Against this backdrop of class warfare not even thinly veiled as policy, Don’t Hug Me I’m Scared was the comedy horror musical of the two which seemed to make the most sense. The first TV episode sees Red Guy, Yellow Guy and Duck get jobs and learn about the world of work. Red Guy is promoted to Upper Management, a role that comes with a printer who serves him salmon and diamonds for lunch and gives him firing privileges. ‘Fire somebody, fire me’, shrieks the bin, ‘fire the whole world!’ In Episode 2, Duck learns that he is in fact dead. Not only that, but he’s doing it wrong. Silly Duck!
Who Pulls the Strings?
On Friday 23rd September 2022, two comedy horror musicals were trending on Twitter. One was the TV debut of a cult web series, the bleak, anarchic puppet show Don’t Hug Me I’m Scared. The other was the slide whistle sound of the pound nosediving and hitting an all-time low against the dollar following Kwasi Kwarteng’s mini budget - ‘a reverse Robin Hood’ designed to favour people who earn over £150,000 a year. The Chancellor decided to celebrate this historic low point with a champagne reception with Tory donors. Now, he’s been forced to U-turn. Cheers.
"the puppet show seems to have crawled out of the same grey soup as today’s politics"
‘As far back as I can remember,’ Duck says when he gets the news, ‘I always knew I deserved to be dead’. Getting to his feet to change into his Sunday Best, his heart drops out his arse and slaps on the living room floor. ‘Oh, you laid an egg,’ Yellow Guy says. Don’t Hug Me I’m Scared is not overtly political, but – just as Duck’s heart dissolves and seeps through the floorboards before bursting back through as blood gluing splintered floorboards together to become a coffin that speaks like a man on the first day back from a mandatory Anger Management course gently introducing a team building exercise for an office away day at Go Ape – the puppet show seems to have crawled out of the same grey soup as today’s Tory politics. The show’s crassness and violence seem not only normal but tame emerging alongside policy that amounts to the question, ‘Have you tried just not being poor?’
"Becky Sloan and Joe Pelling are far from the first to use puppets to highlight authoritarian politics and dark themes"
The puppet show, with its emphasis on learning, resembles Sesame Street, which first aired in 1969, at a time when solving socioeconomic inequality had become a central mission of the civil rights movement. Sesame Street had the shared aim of helping disadvantaged children prepare for school, and indeed a recent study suggests it was ‘the largest and least-costly [early childhood] intervention that’s ever been implemented’. Watching DHMIS with this in mind, it is hard not to agree with the philosopher John Gray when he says, ‘Outside of science, progress is simply a myth.’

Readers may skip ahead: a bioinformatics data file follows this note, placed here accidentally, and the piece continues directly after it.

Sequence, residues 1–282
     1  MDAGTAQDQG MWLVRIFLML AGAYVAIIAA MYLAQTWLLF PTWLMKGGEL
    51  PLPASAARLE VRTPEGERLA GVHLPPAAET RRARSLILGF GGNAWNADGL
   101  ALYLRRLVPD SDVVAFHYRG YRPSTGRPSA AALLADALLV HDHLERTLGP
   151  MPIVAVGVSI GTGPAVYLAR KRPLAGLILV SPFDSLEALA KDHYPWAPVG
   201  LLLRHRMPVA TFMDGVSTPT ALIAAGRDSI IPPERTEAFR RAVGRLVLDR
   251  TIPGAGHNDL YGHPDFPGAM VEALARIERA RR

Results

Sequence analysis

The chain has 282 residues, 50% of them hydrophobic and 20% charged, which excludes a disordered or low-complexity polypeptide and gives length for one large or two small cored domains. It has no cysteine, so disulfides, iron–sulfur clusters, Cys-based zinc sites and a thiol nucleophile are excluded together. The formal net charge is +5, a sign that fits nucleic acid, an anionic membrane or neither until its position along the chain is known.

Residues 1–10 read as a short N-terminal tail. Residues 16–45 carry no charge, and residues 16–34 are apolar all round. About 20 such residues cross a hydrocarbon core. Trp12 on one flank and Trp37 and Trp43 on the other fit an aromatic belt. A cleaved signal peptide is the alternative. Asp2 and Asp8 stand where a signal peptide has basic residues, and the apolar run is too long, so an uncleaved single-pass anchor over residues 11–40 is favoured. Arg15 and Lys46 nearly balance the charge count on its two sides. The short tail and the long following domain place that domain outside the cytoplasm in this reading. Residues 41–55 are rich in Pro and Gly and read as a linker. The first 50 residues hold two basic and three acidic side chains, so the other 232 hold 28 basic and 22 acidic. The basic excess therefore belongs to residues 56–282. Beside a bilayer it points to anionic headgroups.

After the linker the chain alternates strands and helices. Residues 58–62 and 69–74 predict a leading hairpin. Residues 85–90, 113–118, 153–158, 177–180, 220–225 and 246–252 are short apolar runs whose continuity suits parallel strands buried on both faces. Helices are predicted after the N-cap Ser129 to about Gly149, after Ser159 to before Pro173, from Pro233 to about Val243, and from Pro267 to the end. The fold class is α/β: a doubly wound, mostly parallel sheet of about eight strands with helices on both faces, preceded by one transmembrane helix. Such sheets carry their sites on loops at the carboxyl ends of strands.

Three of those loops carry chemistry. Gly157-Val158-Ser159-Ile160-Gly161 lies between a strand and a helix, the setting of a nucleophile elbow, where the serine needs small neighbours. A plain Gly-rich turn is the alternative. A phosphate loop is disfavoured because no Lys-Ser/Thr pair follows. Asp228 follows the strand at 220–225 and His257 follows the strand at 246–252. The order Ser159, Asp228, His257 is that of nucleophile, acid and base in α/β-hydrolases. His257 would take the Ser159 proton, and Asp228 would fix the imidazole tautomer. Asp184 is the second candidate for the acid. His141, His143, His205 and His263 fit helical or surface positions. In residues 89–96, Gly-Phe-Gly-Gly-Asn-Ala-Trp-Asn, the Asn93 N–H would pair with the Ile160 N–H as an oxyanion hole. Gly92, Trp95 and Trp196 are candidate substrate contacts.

Indeed, the creators of DHMIS Becky Sloan and Joe Pelling are far from the first to use puppets to highlight authoritarian politics and dark themes. In 2004, we had Team America (‘fuck yeah’), the 80s spawned Spitting Image, and over a hundred years ago Alfred Jarry first staged Ubu Roi (Ubu the King), in 1896. The classic satire was an assault on the bourgeois greed, mediocrity and corruption of fin de siècle France. Before that, the Renaissance gave us the hunchbacked hero Punch, ‘the simpleton who could answer back to Bishop and King,’ as historian George Speight describes him, ‘the fool with the license to poke fun at anyone’. Fearing the spread of revolutionary propaganda, English authorities ordered theatres to close in 1643 – just as the Medieval church had banned puppetry before that. The puppets in ancient cultures were probably pretty cheeky too.
More recently, the none-too-subtle Jordan Wolfson installed an animatronic 7-ft puppet in the Tate’s Tanks; over and over again, it is smashed to the floor, and tries to fight back. Quieter, but still prickling with the imminent threat of violence are Sophie Taeuber-Arp’s marionettes, which were shown at the Tate last year. They are figures for a Europe in pieces – all constructivist angles, held together with metal joints left visible in some cases – yet, undeniably, they are joyful too.
"brave enough to challenge traditional hierarchies by saying something crass, idiotic, profane"
As nihilistic as some puppet shows may seem, they can also be hopeful. Someone – even if he happens to be a scrap of fabric with a jester’s motley and a jutting chin – is brave enough to challenge traditional hierarchies by saying something crass, idiotic, profane; by saying something.
Who’s pulling the strings? Clearly, it’s a question that bears repeating. Fortunately for Liz Truss and Kwasi Kwarteng, they have the spirited advice of a talking briefcase to guide them. ‘I’ve got a job,’ one of them says, ‘on my shoulder’.
‘That’s not a job. That’s a welt!’ Whoops, wrong show. Cheers!
By Sammi Gale